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‘BLOCKERGEDDON’ – How To Thrive in The New AD Blocking World

Posted on December 15, 2015
By Amit Gupta

Does the rise of ad-blocking tech spell doom for ad monetization in mobile? In a word, no, says Amit Gupta, Co-Founder & President-North America of MEF Member InMobi.

By now you’ve heard of iOS9’s launch of content blocking technology ( here, here and here), and the catastrophic doom that will beset any company involved in ad-based monetization in any capacity.

The brouhaha did cause some initial concern and confusion. Could Apple build something that would potentially destroy a $32 billion burgeoning mobile ad business?

The simple answer I come back to, is no.

There are three key myths surrounding Apple’s announcement that I’d like to address and hopefully clear the air around this ‘adversity’ (pun intended).

Myth#1 – Ad-blocking is automatic and will affect all ads on all mobile websites. That is not how this is set up to work. There are multiple steps a consumer must take to enable the ad-blocking software and the process is destined to be full of friction. No device, by default, will be able to block ads.

Myth#2 – Everyone will block ads. Ad-blocking has been available on desktop browsers for years. As far as we have seen, there hasn’t really been a tangible impact on the desktop ad business because of ad blocking.

Myth#3 – Every mobile publisher will be impacted. Mobile apps are not affected by ad blocking, nor are native ads typically affected by ad-blockers. Here is a quick back-of-the-envelope calculation that should tell us the real story:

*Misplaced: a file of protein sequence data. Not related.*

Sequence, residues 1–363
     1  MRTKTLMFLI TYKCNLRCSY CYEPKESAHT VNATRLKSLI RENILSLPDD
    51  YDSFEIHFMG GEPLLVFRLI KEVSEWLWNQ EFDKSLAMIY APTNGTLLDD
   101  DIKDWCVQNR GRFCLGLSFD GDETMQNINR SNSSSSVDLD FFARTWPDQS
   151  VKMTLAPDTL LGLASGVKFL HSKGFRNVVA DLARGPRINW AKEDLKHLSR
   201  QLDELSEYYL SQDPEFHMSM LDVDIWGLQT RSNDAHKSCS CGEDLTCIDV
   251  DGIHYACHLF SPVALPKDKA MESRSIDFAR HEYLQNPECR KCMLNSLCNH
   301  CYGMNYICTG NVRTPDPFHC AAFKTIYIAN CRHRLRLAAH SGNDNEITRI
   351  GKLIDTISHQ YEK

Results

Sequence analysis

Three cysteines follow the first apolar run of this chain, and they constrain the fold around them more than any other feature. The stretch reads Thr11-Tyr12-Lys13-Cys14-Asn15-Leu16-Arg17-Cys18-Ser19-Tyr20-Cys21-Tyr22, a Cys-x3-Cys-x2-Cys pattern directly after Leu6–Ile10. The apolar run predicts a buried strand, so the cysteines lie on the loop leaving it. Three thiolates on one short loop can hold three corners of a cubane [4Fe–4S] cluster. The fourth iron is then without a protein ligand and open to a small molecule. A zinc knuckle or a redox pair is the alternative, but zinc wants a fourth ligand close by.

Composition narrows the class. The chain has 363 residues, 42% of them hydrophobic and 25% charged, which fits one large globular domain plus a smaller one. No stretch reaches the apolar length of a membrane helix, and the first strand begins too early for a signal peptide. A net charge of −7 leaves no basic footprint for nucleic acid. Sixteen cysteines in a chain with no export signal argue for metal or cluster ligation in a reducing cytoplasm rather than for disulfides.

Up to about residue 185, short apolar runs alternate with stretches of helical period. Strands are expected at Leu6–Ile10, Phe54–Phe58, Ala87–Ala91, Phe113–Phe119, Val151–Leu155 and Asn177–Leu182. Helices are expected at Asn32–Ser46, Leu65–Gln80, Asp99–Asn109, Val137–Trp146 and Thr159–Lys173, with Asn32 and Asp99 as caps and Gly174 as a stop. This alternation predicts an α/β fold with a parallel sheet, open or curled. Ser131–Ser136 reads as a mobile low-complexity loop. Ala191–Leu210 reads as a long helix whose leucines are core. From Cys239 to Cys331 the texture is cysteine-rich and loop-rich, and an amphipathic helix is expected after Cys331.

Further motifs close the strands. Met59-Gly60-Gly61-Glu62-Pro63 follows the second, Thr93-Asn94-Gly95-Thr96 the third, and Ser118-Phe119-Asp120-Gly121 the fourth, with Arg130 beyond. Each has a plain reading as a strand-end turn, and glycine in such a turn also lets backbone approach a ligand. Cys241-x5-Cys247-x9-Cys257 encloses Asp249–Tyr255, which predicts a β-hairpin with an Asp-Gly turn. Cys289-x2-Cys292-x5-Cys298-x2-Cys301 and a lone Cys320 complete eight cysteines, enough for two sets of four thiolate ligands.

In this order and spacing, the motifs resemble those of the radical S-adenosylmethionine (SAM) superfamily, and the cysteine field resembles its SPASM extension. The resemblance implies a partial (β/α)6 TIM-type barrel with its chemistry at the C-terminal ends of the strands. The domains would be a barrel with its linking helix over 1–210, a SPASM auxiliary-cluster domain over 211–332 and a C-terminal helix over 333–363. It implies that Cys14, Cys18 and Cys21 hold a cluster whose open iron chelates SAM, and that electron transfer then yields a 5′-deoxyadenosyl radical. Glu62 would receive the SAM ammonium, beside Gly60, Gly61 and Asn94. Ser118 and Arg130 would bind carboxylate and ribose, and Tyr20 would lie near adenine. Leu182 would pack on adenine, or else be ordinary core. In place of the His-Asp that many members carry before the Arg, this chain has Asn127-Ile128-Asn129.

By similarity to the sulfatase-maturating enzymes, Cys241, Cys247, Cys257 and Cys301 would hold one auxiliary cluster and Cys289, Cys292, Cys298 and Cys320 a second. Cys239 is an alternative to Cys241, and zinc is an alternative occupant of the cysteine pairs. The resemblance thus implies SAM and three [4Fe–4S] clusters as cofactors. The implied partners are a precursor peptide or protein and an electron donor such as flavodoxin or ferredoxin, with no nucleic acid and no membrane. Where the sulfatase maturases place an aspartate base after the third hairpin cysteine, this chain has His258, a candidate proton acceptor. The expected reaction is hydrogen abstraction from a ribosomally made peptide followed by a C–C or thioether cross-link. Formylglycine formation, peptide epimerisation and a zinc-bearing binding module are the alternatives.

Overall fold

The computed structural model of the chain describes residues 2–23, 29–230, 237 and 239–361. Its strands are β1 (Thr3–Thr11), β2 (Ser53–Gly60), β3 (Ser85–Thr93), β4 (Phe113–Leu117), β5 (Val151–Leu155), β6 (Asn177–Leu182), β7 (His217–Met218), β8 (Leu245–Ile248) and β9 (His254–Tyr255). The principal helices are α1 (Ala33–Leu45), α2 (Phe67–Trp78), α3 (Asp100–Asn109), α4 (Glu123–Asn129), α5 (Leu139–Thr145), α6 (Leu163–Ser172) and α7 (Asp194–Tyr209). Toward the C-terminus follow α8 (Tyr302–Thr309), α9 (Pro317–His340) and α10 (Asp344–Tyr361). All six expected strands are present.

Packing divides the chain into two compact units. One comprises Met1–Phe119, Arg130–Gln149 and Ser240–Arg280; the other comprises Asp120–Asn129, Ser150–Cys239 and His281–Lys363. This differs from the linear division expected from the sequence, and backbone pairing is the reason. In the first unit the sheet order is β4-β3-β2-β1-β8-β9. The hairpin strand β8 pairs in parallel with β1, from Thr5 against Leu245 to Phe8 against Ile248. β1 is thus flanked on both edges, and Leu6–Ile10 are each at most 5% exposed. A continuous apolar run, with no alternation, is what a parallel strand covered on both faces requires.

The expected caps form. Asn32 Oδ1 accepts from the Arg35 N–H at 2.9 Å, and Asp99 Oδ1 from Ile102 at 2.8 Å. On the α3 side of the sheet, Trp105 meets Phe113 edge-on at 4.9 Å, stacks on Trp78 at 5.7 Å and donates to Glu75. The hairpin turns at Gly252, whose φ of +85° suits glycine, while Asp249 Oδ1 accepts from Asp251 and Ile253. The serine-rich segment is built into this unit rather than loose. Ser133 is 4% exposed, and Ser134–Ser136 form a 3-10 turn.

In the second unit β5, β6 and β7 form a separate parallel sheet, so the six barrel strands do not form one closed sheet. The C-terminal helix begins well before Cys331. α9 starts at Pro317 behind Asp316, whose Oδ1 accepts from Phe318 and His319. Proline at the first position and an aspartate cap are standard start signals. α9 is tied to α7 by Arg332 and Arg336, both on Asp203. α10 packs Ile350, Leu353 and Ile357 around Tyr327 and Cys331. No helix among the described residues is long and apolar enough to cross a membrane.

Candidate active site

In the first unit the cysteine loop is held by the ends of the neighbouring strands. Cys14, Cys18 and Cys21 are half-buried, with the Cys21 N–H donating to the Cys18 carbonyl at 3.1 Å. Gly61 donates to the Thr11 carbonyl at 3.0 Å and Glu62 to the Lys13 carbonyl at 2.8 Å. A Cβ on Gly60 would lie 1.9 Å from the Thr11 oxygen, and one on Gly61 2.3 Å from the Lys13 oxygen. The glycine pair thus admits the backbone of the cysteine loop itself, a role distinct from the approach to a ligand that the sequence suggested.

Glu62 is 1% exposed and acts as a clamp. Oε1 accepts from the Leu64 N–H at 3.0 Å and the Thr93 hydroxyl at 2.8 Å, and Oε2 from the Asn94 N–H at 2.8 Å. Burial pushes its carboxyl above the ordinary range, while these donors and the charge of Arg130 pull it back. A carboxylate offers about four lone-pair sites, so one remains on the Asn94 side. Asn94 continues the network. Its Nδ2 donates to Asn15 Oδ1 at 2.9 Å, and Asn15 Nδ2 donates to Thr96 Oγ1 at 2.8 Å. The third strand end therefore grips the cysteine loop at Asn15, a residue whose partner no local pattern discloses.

• Time spent on mobile web = 14%
  • Number of people that use desktop ad blockers who decide to install the smartphone variant (assumed) = 10%
  • iOS market share (we will assume all iOS users are on iOS9) = 42%
  • Therefore, 42% (iOS users) of 10% (all ad-blockers on web) of 14% (mobile web users) = 0.58%

The total expected impact is potentially on 0.5% of the users making me believe this quite a sensation over nothing.

So, where do we go from here?

#1 – Think Native ads: Ad blockers primarily exist to remove obstructive ads such as auto-play videos, obnoxious blinking and animated gifs. According to Adblock plus (link here), the software favors ads that do not distract or obstruct the user from consuming web content. In other words, they are putting users first and policing websites that infringe user experience over revenue potential. Native advertising finely balances between user experience and website’s revenue goals. Qualitatively and quantitatively, native advertising is the right step for publishers of all sizes.

Native advertising uniquely provides:

  1. Better user experience: Ads that seamlessly flow with the content on the page
  2. Transparency: The ad format follows the IAB guidelines stating publishers should disclose content as an ad vs. advertiser
  3. Quality content: Advertisers are encouraged to create beautiful and engaging content versus boring banner images or downsized desktop interstitials

#2 – Think Mobile Apps: 86% of users are engaging through mobile apps vs. mobile web. Not only do the users prefer mobile apps over web, they also offer a high degree of creative flexibility, and allow engagement tools such as notifications to inform or bring users back to the app. With companies like Facebook, InMobi and Nativo focusing on creating the best in-app user experience, there are some groundbreaking ad formats that are guaranteed to be monetization winners.

Ad blocking will only increase the adoption of native apps. This will incentivize publishers to make their apps even better.

Furthermore, companies whose revenue is primarily driven by in-app advertising will not be impacted, rather, with rise of apps they stand to only benefit in long term.

All things said, as the ad-tech industry gains size and status, moves such as this should be welcomed as milestones of maturity – not just by consumers but by publishers too. Here’s to the announcement from Apple heralding a new wave of consumer-focused monetization that is guaranteed to grow the ad-tech industry and instead of shrinking it.


This blog originally appeared on Mobile Ecosystem Forum

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